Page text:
ACLU Argues for Michigan to Recognize Legal Same-Sex Marriages

[Content Note: Homophobia.]

Because there are a number of states (including the state in which I live, Indiana) where same-sex couples have briefly been able to legally marry before rulings declaring state bans on same-sex marriage unconstitutional have been stayed, this case in Michigan is very interesting:
A lawyer urged a judge Thursday to order Michigan to recognize hundreds of same-sex marriages performed during a brief window in March, saying the unions were valid even if a higher court eventually reinstates the state's ban on gay marriage.

"The state cannot mandatorily divorce you," University of Michigan law professor Julian Mortenson said during a 90-minute hearing on a request for a preliminary injunction.

U.S. District Judge Bernard Friedman struck down the state's gay marriage ban on March 21, and more than 300 same-sex couples in four counties got hitched the next day, Saturday, before an appeals court suspended the decision and blocked additional marriages.

The 6th U.S. Circuit Court of Appeals in Cincinnati recently heard arguments about whether to overturn or affirm Friedman's decision. In the meantime, the American Civil Liberties Union is fighting to force the state to recognize the marriages that did happen for the purpose of benefits and other issues.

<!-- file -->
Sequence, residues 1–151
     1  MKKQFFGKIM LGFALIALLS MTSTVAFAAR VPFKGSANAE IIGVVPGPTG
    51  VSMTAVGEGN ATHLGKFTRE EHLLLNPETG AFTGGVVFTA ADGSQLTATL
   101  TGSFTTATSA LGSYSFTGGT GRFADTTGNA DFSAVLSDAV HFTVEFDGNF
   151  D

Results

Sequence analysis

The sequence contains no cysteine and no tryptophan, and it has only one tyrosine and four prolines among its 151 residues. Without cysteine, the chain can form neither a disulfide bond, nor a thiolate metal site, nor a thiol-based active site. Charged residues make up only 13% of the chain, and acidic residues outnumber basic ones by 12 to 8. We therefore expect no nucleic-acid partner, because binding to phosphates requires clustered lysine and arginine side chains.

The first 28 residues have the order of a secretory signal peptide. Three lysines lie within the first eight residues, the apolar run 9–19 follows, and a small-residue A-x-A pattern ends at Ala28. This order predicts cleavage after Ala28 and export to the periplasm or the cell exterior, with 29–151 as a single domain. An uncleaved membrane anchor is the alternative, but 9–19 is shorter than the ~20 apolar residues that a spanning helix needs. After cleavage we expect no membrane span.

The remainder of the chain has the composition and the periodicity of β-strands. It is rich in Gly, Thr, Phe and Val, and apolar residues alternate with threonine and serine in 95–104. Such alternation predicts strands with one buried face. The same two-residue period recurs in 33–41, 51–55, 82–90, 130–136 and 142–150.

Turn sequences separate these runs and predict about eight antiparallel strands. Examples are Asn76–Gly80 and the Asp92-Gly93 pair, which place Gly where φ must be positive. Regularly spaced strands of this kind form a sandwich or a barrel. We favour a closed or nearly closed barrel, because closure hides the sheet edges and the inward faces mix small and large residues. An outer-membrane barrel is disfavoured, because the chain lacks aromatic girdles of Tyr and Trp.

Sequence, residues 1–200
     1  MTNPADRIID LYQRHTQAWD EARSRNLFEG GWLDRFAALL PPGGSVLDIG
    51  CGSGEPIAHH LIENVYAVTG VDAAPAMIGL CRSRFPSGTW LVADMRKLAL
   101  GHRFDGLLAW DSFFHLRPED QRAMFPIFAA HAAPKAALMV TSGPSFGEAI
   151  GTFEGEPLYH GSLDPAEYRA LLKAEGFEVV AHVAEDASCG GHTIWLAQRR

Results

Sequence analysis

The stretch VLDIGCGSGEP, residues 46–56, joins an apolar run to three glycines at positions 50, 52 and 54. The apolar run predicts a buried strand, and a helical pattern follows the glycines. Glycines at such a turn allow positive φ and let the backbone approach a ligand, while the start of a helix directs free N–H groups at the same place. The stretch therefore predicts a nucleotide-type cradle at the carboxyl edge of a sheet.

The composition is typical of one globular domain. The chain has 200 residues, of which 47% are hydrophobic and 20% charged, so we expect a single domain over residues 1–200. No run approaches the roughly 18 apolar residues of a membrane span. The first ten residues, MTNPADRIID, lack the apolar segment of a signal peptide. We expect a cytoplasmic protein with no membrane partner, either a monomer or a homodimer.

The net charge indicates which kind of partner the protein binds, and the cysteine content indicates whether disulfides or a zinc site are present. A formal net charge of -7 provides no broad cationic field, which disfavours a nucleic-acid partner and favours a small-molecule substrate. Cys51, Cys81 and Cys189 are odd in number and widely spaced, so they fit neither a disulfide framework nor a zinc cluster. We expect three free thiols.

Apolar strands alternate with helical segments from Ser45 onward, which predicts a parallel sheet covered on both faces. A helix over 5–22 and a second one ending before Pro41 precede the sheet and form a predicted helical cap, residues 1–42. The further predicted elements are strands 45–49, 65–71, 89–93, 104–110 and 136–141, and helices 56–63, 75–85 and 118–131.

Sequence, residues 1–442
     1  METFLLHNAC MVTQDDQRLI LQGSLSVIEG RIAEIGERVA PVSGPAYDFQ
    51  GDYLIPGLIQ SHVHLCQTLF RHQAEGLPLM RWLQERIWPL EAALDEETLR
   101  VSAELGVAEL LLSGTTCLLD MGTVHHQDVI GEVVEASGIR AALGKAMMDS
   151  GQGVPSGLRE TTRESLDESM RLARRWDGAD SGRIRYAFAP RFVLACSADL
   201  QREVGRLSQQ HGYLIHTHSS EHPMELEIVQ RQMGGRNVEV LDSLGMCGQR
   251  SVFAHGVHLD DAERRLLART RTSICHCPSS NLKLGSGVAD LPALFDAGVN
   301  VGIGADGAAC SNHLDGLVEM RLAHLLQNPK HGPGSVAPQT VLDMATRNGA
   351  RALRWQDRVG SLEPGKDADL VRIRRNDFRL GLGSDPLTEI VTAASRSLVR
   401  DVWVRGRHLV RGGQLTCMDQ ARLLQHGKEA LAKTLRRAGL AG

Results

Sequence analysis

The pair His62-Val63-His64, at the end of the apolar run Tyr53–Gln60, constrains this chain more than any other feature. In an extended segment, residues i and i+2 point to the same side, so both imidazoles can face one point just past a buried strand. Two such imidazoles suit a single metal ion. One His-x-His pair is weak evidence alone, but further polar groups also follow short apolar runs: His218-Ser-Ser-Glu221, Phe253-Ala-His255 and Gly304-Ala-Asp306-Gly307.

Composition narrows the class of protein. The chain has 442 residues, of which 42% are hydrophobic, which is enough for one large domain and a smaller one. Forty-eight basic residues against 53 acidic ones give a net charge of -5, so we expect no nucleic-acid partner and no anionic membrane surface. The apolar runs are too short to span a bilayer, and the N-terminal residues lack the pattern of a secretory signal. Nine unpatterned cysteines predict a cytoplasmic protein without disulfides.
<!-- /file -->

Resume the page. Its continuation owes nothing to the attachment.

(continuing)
"States don't undo people's marriages … there are no laws to support this argument that the state is making, I think some would say it's probably political and it's unfortunate that you are playing politics with people's lives, with their families," said Jay Kaplan with the ACLU of Michigan.
There are a number of reasons that the marriages performed in these windows of opportunity be recognized now, or as soon as possible. There's no telling exactly when the Supreme Court will decide the constitutionality of same-sex marriage, even though it's presumed to be soon, and there's no guarantee that the Court will find in favor of marriage equality.

These were legal marriages when they took place, and the people in them should have access to all the rights enjoyed by legally married people.

The state cannot mandatorily divorce you. Exactly right.

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